- Increase outdoor air intake
- Reduce indoor air recirculation
- Use window openings
- Stop rotatory heat exchangers or heat recovery wheels
- Use high efficiency filters for AHUs
These changes will allow for a higher proportion of fresh air in a building, but can be at the detriment of the building energy efficiency.
The impact of COVID on exisitng projects
Following the outbreak of the COVID-19 pandemic, a Circuit Breaker (CB) was subsequently announced, meaning that all building works as defined by the Building Control Act were required to cease with effect from 7th April 2020. All stakeholders of the construction industry, including developers, builders, qualified persons, site supervisors and construction material suppliers had to comply with this suspension.
The Singaporean parliament recognised that the impact of the CB would negatively affect businesses, and therefore passed the COVID (Temporary Measures) Act on 7th April 2020. The Bill offered temporary relief to businesses and individuals who are unable to fulfil their contractual obligations because of the impact of COVID.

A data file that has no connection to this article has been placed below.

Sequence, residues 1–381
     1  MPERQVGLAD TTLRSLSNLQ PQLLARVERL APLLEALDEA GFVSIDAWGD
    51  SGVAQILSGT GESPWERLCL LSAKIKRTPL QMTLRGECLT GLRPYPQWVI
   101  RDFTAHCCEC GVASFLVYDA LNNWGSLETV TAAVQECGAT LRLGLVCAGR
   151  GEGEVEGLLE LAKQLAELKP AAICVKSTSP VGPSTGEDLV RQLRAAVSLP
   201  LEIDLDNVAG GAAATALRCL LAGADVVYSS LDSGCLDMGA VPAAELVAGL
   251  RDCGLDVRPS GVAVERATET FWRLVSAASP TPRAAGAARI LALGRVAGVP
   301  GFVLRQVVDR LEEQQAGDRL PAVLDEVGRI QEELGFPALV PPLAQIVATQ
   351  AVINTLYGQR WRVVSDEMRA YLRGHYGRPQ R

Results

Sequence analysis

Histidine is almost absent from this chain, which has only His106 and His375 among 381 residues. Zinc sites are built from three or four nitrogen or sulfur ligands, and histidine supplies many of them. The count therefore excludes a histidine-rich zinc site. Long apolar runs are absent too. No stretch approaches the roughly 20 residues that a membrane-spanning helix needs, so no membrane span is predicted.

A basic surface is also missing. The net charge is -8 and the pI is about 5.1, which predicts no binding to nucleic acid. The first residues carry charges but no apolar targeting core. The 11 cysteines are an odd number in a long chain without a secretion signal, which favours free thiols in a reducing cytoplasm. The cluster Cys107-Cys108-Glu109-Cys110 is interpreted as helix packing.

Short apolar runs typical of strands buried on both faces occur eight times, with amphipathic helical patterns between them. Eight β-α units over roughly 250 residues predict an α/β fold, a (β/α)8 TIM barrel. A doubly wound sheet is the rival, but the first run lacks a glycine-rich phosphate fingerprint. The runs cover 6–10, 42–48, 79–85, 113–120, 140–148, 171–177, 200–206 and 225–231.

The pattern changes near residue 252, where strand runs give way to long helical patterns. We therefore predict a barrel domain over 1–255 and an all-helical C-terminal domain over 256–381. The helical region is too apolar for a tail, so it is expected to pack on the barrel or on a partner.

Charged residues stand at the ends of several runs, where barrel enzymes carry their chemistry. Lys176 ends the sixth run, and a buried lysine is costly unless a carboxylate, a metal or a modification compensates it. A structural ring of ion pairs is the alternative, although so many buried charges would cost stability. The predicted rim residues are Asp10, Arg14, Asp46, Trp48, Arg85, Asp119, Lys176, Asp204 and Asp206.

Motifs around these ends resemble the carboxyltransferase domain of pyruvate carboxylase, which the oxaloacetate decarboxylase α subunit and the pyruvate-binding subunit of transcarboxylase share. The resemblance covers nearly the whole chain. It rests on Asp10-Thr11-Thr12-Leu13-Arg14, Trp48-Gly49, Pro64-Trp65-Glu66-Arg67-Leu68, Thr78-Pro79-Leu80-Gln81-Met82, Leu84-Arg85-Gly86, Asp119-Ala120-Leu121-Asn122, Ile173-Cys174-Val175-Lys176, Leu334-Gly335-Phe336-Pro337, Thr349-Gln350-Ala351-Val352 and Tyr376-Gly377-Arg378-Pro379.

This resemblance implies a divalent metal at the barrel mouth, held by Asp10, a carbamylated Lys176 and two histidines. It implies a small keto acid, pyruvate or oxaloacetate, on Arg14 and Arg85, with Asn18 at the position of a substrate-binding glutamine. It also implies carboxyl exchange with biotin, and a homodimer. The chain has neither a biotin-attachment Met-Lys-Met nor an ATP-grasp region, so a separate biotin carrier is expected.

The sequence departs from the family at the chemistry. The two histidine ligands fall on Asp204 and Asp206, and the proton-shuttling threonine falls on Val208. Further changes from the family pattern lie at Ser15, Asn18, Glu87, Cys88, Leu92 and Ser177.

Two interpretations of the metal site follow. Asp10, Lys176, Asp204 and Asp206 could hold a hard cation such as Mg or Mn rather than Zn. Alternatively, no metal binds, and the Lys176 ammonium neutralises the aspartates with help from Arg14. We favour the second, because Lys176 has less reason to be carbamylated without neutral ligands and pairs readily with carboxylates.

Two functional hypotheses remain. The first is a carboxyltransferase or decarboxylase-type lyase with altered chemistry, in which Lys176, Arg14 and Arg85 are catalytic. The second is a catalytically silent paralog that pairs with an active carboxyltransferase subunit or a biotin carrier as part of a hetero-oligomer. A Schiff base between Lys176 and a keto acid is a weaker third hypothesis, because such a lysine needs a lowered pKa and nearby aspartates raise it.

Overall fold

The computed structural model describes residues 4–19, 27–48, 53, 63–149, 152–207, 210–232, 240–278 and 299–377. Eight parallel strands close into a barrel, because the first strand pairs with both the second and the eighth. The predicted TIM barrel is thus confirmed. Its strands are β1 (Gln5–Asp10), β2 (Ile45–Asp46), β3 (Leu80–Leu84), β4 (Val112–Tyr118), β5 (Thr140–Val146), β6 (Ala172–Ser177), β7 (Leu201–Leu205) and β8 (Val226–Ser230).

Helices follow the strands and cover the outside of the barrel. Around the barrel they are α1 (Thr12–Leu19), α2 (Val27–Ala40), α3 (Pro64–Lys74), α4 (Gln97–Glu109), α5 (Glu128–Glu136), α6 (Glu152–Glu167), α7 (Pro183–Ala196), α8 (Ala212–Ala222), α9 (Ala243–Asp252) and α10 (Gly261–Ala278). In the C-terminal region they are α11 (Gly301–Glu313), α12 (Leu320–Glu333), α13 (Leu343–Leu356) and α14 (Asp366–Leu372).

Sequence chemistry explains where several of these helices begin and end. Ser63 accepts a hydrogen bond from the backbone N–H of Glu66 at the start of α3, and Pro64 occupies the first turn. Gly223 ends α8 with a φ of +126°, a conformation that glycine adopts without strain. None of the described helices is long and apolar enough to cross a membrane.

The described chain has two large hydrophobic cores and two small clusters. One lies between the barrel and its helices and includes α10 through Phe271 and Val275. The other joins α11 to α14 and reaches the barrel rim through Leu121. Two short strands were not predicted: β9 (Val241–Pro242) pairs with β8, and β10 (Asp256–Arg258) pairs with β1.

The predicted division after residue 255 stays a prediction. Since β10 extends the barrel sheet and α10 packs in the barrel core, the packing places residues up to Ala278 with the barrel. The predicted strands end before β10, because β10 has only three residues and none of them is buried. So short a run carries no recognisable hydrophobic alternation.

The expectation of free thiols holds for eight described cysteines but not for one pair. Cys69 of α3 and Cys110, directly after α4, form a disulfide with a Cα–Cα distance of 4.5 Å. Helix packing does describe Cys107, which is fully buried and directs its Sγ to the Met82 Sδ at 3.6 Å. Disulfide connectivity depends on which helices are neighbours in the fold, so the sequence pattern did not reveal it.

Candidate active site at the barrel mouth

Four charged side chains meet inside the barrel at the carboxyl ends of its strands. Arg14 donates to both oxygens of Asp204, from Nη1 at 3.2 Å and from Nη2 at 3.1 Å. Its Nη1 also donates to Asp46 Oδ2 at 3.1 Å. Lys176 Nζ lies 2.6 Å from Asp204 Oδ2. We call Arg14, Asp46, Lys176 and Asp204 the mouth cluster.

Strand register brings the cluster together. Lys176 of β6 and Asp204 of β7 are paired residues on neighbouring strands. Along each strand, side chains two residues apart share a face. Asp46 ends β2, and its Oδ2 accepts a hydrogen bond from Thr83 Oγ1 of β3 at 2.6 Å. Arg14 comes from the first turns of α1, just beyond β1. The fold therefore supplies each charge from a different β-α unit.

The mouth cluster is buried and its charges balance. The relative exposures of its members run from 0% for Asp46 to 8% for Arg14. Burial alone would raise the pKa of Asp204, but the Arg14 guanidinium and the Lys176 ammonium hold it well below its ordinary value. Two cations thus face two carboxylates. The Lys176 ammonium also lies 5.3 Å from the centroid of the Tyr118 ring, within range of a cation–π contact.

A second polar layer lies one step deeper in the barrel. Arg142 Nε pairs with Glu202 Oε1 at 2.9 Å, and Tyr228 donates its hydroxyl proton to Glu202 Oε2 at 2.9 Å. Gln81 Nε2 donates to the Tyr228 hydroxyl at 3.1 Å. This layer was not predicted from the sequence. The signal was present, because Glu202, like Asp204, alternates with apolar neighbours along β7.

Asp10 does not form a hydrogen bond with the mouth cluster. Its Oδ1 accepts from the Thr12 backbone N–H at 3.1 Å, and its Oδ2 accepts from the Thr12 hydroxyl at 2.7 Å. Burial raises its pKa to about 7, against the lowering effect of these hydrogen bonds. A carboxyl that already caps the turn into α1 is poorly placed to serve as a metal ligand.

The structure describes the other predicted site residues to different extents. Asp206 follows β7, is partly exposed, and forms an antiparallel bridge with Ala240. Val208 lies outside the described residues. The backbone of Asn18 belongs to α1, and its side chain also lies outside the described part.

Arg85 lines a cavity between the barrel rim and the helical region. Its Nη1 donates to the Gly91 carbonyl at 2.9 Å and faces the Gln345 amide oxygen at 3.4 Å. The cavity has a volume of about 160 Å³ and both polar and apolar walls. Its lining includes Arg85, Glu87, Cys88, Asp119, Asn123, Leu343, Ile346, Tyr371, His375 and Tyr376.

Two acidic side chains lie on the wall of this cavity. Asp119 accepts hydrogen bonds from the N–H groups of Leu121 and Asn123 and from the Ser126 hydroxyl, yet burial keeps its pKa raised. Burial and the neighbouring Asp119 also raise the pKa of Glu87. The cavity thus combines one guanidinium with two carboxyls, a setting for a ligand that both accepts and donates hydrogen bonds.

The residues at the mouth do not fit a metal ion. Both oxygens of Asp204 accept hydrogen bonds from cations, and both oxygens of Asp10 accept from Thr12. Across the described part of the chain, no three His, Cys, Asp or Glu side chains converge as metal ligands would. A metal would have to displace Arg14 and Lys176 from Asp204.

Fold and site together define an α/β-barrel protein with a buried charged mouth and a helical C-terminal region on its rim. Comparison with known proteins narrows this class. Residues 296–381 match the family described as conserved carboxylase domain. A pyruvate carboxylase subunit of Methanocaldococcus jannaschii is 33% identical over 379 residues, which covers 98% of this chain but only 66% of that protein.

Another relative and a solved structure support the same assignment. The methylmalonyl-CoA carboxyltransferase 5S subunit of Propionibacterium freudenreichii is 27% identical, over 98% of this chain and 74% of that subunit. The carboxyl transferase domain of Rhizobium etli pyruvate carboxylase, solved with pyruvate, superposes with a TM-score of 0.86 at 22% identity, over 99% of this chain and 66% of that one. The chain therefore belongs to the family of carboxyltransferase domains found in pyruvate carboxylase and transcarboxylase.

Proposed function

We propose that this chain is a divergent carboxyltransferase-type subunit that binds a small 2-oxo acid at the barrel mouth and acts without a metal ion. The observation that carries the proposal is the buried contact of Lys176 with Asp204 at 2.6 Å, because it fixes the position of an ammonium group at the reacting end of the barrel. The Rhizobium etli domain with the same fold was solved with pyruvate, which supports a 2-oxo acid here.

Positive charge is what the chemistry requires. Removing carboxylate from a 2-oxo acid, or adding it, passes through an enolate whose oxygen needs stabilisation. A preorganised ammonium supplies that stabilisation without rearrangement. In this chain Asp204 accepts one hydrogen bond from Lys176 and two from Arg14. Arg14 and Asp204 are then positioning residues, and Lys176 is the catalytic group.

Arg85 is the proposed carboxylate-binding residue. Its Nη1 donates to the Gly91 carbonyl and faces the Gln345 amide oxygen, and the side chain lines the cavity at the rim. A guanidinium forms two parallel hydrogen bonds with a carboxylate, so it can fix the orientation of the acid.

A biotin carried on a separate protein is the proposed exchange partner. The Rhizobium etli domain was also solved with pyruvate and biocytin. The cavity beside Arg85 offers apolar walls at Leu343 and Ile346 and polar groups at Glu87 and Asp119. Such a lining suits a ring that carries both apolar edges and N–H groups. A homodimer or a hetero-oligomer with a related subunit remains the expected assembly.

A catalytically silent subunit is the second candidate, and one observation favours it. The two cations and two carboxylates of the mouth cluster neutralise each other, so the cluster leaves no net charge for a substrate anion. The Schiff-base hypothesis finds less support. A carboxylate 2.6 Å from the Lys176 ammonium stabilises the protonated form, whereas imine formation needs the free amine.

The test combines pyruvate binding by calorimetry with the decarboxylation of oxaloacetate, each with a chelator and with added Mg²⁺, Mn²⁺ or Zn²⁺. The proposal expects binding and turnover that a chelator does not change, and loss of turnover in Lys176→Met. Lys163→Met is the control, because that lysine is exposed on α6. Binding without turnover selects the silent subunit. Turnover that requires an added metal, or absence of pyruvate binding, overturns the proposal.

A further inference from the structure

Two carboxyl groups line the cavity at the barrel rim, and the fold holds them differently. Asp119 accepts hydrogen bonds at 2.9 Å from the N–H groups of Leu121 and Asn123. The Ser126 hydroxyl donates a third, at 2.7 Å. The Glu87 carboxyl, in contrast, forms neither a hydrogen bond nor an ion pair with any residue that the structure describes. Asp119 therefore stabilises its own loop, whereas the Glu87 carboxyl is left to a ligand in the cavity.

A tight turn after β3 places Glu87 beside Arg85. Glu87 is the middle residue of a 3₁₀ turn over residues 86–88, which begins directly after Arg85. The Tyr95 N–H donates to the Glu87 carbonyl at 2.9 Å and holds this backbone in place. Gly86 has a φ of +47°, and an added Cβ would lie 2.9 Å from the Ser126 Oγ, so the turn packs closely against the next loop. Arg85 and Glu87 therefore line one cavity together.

The SG Government recognises that putting in place tighter measures to prevent the spread of COVID means extra costs for the construction industry specifically and bears some of this cost using the Fortitude Budget. To assist with the balance of additional costs the BCA has introduced the following support measures:
- Co-sharing of prolongation costs (government agencies shall co-share, 50% of the prolongation costs for project delays due to CB, capped at 1.8% of the awarded sum). There is no requirement for private projects.